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Health Check: Iluvien

LYNCHBURG, Va. (WSET) - Diabetes can rob you of a lot when it comes to quality of life. Vision loss can be devastating.

High blood sugar levels can cause what's called diabetic macular edema. Tiny blood vessels leak into the eyes -- making people feel like they seeing underwater.


But an injection is putting life back into focus.

Tim Watts can read the eye chart now, but years ago, diabetic macular edema robbed him of his eyesight.

"When we first started it was 20/200," Watts said.

Tim couldn't even make out his daughter's face.

"I have a daughter that's 15 now, and there for awhile I couldn't see very well."


Dr. Robert Vogel with Piedmont Eye Center said patients like Watts used to have to get steroid injections every 3 months to see.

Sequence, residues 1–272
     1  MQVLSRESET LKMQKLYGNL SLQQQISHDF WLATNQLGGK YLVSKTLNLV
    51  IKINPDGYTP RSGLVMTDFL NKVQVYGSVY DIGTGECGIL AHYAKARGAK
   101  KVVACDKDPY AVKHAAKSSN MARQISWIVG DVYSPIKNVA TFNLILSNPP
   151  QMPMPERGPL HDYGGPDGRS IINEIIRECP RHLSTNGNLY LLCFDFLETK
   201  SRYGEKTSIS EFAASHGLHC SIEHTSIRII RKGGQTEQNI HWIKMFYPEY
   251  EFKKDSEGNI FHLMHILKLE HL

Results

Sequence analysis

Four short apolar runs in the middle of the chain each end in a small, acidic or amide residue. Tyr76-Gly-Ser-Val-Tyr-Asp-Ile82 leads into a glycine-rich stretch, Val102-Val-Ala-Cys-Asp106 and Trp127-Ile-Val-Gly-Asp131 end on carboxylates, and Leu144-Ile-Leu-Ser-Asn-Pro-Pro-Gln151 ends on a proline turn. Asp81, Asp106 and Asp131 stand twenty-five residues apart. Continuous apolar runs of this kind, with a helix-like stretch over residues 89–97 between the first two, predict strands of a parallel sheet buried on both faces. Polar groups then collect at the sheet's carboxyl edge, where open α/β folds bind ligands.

"It's an ongoing issue in diabetes," Vogel said.

But in 2014, he became one of the first patients in the country to try a new treatment -- called Iluvien-- that would do away with those injections for three years. The tiny implant is injected into the eye.

"It releases drug, steroid, over about a 3 year period it dissolves and it's finished," Vogel.

“Just a few seconds and it was done (and right back to work),” Watts said.

"It made a huge, huge difference,” Vogel said. “I see him less. He has less injections. Over all it's been an incredible positive for him and other patients."

Two and half years later, Watts’ eyesight is 20/30.

"It's tremendous to see what I missed,” Watts said. “I can see everything now."

Every three years patients have to get another injection. Watts will get his again in September.

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